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Serowe is now Opposition stronghold

Opposition politics have shifted from the capital Gaborone to the capital of the central district, Serowe. Former President Lt Gen Dr Ian Khama used his influence as paramount chief of Bangwato to lure voters from the ruling Botswana Democratic Party (BDP) in the central district. The BDP lost in Serowe for the first time in history this week.

Bangwato had vowed to follow Khama wherever he goes in his political trajectory after he accused President Masisi of destroying his legacy and not treating him well. However the move by Khama also came back to haunt the opposition which he had professed to supporting in the south based constituencies. The cold war been Khama and his successor forced him to form the Botswana Patriotic Front (BPF) which snatched three Serowe constituencies from the BDP after Wednesday’s elections.

In Serowe West constituency, Tshekedi Khama garnered 4394 votes, followed by BDP parliamentary candidate, Moemedi Dijeng who scooped 2405 votes, followed by Rolent Kambule of the Umbrella for Democratic Change (UDC) with 749 votes; while Leremela Bogosing of Alliance for progressives (AP) managed 387 votes. In Serowe North constituency, the BPF parliamentary candidate, Baratiwa Mathoothe garnered 5394 votes, followed by Kgotla Autlwetse from the BDP with 4356 votes, while the UDC parliamentary candidate, Keaobaka Kgano was voted by 1656 people; independent candidate Ndelu Seretse trailed with 926 votes.

In Serowe South constituency, the BPF parliamentary candidate garnered 4 653 votes, while Lesedi Phuthego of the BDP came second with 4237 votes. Moremi Mareka of the UDC was voted by 2 362 people, followed by AP candidate, Iphemele Kgogkothwane with 393 votes, Prince Moitoi of the BMD with 234.  Independent candidates, Oteng Thankane and Ian Khumo got 33 and 247 votes respectively. BPF won four council seats in Serowe West constituency – that is in Serokolwane, Kgosing, Dimajwe and Palamaukuwe wards – and the BDP won 2 council seats in Mmashoro and Malatswai wards.

Three weeks ago Tshekedi Khama dropped a political bomb shell and dumped his father’s party, to join his elder brother, former president Ian Khama at the BPF. BDP candidate, Moemedi Dijeng came late in to the race to save his party. The time factor worked against him because the constituency is vast. Furthermore, since he was facing a member of the Ngwato royal family some viewed him as being rebellious and disrespectful to their chieftainship. He was joining a campaign that has already been soiled because former president Ian Khama had thoroughly de-campaigned the BDP.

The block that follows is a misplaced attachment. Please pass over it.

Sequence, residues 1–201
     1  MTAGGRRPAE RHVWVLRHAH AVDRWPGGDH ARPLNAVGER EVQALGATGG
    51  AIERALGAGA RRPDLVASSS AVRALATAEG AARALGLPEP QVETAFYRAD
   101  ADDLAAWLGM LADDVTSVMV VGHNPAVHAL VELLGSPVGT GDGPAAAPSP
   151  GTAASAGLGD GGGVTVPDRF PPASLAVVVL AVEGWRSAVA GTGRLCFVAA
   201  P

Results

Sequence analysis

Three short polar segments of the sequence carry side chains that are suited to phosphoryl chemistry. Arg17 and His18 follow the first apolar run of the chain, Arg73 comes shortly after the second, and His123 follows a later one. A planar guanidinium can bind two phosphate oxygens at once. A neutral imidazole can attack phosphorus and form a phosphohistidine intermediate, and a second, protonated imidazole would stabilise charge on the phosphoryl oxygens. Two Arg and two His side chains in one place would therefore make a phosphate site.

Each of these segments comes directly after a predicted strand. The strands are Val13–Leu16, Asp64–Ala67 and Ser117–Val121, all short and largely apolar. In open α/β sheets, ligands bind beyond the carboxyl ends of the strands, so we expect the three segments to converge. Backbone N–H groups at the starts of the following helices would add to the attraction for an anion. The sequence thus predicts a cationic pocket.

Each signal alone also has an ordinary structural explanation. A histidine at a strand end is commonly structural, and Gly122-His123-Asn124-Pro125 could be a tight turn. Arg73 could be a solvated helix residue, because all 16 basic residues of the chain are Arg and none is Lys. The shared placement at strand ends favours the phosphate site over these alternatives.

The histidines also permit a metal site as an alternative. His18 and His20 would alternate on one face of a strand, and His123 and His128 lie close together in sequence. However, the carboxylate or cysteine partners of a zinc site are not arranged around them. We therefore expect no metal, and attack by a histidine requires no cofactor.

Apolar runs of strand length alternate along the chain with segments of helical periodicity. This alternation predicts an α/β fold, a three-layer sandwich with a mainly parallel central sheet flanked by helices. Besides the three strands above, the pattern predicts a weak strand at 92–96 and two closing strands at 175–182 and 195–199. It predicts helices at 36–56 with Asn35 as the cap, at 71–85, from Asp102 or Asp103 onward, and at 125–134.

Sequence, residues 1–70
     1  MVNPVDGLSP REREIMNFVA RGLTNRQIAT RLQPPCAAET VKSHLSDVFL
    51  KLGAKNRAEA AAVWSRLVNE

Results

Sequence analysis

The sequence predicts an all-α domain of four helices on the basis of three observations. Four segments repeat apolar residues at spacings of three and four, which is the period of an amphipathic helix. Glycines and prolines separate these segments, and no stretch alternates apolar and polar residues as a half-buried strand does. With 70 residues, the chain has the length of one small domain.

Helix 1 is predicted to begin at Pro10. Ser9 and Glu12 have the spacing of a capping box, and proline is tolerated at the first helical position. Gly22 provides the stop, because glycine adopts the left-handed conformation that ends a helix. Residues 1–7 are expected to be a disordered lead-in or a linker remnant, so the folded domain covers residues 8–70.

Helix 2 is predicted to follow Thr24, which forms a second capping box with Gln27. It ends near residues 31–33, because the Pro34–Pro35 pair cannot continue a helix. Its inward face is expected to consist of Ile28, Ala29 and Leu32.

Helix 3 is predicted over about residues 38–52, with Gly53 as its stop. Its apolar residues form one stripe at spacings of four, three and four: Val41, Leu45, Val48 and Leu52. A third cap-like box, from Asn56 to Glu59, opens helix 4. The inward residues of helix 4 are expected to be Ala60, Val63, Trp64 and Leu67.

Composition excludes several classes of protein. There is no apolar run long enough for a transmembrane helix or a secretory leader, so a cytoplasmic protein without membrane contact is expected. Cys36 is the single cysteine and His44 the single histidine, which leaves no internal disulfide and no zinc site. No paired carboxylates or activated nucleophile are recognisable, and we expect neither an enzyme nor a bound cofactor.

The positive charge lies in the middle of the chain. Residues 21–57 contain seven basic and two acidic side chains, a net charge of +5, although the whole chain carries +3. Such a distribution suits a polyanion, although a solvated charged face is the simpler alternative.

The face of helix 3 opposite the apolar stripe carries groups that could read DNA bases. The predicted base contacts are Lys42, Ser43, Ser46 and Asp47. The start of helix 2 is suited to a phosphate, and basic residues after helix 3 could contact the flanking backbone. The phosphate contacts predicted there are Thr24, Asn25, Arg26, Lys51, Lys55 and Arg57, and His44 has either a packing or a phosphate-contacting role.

Dijeng is the son of a former councillor and council chairman in the same constituency who served at the time Blackbeard was Member of Parliament. Dijeng has also challenged for the chairpersonship of the BDP at the Mmadinare elective congress though not well known within the party; he came third with 69 votes. The contest was history in the making as the constituency has always been the reserve for the BDP and Ngwato Royals for the past 53 years. Tshekedi is the first opposition Member of Parliament to win the constituency and Dijeng is the first BDP parliamentary candidate to lose the constituency.

The first MP for Serowe West constituency was the late Sir Seretse Khama, the founding president and also Tshekedi’s father who handed over to Collen Blackbeard, who later handed it over to Ian Khama who in 2008 handed to his younger brother Tshekedi Khama.
Tshekedi has been MP of the constituency since 2008. Gomolemo Motswaledi by then was advised not to challenge Tshekedi in the primaries. In 2009 general elections, Tshekedi garnered 1,869 votes while Botswana National Front (BNF)’s Gagolepe Nthebolang got 119 votes.

Fast forward to 2013, Tshekedi was infuriated when Prince Kgwaneng challenged him in the BDP primaries. He called on the BDP to suspend him on allegations of flouting party rules and regulations. However he sailed through in the primaries garnering 3 081 votes against Kgwaneng. Last year Tshekedi was at it again, suing BDP Central Committee for allowing Dijeng to contest in the primary elections despite the fact that he had been disqualified during the vetting process by the branch committee. Tshekedi lost the case where many felt he will bolt out of the BDP but stayed put. In the primaries Tshekedi won again with 2 , 797 votes while Dijeng managed 1, 594 votes. Rakhudu was distant third with 462 votes.